JEWELRY SHOWS SPARKLE WITH GLAMOUR AND COLOR

Byline: Wendy Hessen

PROVIDENCE, R.I. — The return of glamour and color helped give a lift to the two key jewelry shows held here this month.
The retailers and wholesalers who shop the two shows — the United Jewelry Show and Jewelry Manufacturers Association event — were busy writing orders for rhinestones, crystals and cubic zirconia for both holiday and spring. Sets as well as individual items were big. Novelty pins in sea life and gambling motifs, and textured or mixed metals were other top ideas.
The action had exhibitors in a brighter mood than usual, some saying the shows were turning out to be the best they’d seen in recent seasons.
Both shows ended their 10-day runs Sept. 18. Here, a closeup look at each.

United Jewelry Show
“This is the best show we’ve ever had,” said Henry D’Alessio, president and chief executive officer of 11-year-old Robert Enterprises, a veteran Providence exhibitor.
“Our figures are beyond anything we could have projected, which should put us ahead by about 30 percent compared to this time last year,” he said.
While his enthusiasm wasn’t matched in every showroom, it did reflect the feelings of a lot of the vendors, who were showing at the event at Davol Square.
Robert Enterprises is known for its two lines of crystal bracelets and cubic zirconia jewelry, selling primarily to mass to moderate-priced chains.
D’Alessio added that he received a substantial first order from a large Canadian chain that purchased merchandise for 350 of its stores. A lot of the appeal of his lines is due to attractive prices and quick turnover, the result of an automated manufacturing process, he said.
While cubic zirconia had been hottest in clear looks, he said, the company’s new colored gemstone line was also well received.
Dennis Paul of Dennis Paul Associates, a manufacturers’ representative, was upbeat about an increase in traffic and the buyers’ freer hand in writing orders. While bookings were still smaller in dollars than they were years ago, they were still heftier than they had been in some time.
He said buyers are continuing to focus on items and pointed to goldtone cobra necklaces with charm slides, and celestial, sea life and gambling motifs as leading the way. The gambling motifs are the latest in the novelty area, becoming popular with the rise of riverboat gambling in some parts of the country, according to Paul.
Among those shopping Davol Square was Allan Robin, a buyer for Houston-based wholesaler Cine Corp. Robin said he was looking for larger statements in earrings and necklaces and was focusing on color as well. “Our business is about the same as this time last year,” he said, “but I’m optimistic that the return of so much color in ready-to-wear will only help the industry.”
Dick Upson, executive director of the UJS, said that attendance surpassed last year’s figures by about 200 to 250, with a total of 800 companies shopping the show.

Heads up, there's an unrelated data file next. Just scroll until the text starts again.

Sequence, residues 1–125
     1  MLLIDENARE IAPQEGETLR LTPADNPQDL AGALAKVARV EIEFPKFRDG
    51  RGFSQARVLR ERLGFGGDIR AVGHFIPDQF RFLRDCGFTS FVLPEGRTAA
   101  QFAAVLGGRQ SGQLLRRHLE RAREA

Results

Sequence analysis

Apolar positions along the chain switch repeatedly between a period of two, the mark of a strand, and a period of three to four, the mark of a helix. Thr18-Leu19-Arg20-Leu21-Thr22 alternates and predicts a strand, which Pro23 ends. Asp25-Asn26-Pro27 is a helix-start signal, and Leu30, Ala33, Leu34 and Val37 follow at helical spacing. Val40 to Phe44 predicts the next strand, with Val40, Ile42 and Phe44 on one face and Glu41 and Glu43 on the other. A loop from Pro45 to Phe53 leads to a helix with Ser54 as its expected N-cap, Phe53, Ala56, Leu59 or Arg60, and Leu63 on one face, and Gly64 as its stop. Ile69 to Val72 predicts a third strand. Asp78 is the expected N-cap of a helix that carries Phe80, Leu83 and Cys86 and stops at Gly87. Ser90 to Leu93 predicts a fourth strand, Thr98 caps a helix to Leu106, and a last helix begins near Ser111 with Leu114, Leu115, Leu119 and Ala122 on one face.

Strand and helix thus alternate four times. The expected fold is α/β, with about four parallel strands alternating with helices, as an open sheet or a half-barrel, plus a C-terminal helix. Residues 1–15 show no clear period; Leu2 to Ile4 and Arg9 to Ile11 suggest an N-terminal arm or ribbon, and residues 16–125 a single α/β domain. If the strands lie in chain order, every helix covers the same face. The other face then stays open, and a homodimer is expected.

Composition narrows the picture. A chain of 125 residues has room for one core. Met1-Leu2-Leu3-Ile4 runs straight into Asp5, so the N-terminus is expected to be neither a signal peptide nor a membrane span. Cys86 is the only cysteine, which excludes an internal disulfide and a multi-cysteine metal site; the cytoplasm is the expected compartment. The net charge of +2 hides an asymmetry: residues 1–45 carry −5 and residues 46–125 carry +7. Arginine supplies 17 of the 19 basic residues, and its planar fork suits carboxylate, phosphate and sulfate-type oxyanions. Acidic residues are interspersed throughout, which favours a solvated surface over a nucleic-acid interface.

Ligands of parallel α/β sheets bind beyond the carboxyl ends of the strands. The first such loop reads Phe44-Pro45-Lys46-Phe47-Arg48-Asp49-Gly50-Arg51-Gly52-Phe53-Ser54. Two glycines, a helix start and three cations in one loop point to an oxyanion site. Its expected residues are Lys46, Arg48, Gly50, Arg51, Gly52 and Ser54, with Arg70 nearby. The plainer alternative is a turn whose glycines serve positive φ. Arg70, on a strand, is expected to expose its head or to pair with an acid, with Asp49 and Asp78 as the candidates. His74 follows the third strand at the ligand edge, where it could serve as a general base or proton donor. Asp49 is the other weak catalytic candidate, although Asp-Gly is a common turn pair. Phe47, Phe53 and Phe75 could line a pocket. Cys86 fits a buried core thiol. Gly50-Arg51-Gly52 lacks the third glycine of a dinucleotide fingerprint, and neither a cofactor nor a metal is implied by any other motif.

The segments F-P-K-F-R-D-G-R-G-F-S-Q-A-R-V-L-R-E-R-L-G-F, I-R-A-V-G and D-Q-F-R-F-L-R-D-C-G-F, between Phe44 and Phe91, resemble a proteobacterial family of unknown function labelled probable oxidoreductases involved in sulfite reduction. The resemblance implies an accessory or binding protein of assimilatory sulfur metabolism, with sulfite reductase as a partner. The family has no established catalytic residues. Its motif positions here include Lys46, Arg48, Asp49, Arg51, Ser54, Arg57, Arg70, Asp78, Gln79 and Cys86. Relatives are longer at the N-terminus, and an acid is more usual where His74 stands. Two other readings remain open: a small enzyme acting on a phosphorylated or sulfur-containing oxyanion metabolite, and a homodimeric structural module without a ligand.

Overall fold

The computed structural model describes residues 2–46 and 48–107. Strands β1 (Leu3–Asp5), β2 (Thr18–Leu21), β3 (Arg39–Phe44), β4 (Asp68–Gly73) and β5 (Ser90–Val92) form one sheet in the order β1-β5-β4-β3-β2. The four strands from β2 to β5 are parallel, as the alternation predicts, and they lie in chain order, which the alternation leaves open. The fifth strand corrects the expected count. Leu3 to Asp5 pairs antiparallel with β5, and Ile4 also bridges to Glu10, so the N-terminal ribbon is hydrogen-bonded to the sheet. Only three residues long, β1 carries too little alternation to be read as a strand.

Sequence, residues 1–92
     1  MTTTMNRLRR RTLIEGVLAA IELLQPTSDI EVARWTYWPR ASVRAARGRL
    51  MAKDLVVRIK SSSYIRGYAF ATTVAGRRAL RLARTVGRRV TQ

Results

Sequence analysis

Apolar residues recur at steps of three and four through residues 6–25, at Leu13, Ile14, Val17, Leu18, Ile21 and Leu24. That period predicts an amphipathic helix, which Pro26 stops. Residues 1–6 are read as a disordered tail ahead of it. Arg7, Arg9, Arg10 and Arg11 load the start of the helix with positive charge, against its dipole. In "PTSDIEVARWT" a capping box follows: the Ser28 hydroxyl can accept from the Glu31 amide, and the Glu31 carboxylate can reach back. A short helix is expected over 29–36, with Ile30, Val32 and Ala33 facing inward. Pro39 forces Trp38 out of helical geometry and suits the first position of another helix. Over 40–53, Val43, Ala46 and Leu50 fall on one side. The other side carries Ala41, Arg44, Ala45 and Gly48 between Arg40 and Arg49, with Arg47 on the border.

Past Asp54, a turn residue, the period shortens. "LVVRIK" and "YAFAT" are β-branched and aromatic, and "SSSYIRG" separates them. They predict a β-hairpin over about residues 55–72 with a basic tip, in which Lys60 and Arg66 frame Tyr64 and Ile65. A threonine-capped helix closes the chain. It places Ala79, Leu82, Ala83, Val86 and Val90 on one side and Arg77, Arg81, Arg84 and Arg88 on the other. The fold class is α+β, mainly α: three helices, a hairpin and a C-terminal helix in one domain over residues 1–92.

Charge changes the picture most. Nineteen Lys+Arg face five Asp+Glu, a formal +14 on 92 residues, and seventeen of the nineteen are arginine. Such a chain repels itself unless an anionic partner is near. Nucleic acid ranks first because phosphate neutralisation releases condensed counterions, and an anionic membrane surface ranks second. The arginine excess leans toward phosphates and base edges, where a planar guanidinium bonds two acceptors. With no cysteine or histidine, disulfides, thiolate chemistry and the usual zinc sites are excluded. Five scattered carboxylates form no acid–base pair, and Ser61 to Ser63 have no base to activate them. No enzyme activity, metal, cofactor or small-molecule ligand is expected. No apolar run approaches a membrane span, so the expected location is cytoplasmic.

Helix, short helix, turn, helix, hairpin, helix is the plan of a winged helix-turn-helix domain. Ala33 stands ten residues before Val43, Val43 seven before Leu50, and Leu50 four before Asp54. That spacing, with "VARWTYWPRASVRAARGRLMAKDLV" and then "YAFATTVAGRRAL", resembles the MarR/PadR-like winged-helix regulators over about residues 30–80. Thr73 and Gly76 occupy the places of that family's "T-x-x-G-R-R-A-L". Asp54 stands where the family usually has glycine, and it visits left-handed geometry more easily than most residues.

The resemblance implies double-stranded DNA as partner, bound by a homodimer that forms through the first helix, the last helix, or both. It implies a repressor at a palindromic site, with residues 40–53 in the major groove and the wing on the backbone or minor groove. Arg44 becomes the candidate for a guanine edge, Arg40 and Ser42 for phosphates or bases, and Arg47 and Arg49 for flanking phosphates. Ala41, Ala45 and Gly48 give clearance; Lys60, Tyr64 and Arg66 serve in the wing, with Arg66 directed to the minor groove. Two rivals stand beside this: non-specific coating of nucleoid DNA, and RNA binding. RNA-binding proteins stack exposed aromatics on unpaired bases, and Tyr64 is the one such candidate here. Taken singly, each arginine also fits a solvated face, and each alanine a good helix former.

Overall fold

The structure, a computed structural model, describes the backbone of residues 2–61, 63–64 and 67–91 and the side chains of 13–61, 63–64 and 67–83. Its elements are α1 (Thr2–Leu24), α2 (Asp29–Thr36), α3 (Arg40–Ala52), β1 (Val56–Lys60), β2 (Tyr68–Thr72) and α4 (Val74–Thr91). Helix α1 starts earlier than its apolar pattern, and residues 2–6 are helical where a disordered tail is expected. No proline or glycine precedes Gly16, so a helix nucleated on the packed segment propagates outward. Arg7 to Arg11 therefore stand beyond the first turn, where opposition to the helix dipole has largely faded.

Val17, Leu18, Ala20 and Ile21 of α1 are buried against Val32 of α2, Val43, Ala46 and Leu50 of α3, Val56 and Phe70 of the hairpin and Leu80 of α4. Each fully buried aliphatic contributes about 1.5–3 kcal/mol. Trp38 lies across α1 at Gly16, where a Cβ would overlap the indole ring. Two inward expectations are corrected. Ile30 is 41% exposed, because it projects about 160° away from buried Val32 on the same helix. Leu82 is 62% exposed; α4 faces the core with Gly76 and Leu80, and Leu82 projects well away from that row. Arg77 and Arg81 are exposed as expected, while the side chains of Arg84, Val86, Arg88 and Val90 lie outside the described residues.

Jewelry Mfrs. Association
“Color has definitely made a comeback,” said Gerri Coppola, sales manager at Christine Creations, another Providence regular, concentrating on rhinestones and colored crystal stones. Holiday and prom are key times for the firm, and this was reflected in its bookings this time around. While casual walk-in traffic was down, her firm was busy with scheduled appointments.
Matching earring and necklace sets were the strongest looks, she said.
Among retailers looking for color at JMA — held at the Omni Biltmore Hotel — was Jean Smith, owner of Accente, a Houston-based accessories specialty store chain. Smith said that looks that have a shot or accent of color — particularly red or turquoise — are some of the freshest ideas she had seen to date for holiday and spring. She said she also felt strongly about colored rhinestones for holiday.
Smith also gave a nod to the bold, modernistic shapes — as opposed to vintage looks — in rhinestones and crystal lines.
Maria Baccari Sr., an owner of Darlene Jewelry Co., cited cobra collars as strong items for spring as well as for immediate business, with animal, floral and sea life themes strongest. In general, Baccari said buyers focused on the look of fine jewelry with two-tone metals, colored enamels and white beads emerging as strong sellers for spring.
Baccari concurred with several others that both business and traffic were higher than they were last year.
Nick Marella, general manager at Gem Craft, who sells primarily to wholesalers, noted that many of the overseas customers he usually sees during the show were scheduled to come into Providence later this month. Nevertheless, he noted, show orders were running equal with a year ago.
Marrella, who emphasizes fine jewelry looks in goldtone pieces, said price continues to be a key concern to buyers. Gem Craft, he noted, has downsized the scale of many pieces to keep prices accessible while maintaining fashion appeal.
Known until last March as Jewelers Showroom Associates, the JMA show attracted more than 500 buyers, up 10 to 15 percent from last year, according to Sean Reidy, administrator at the JMA.

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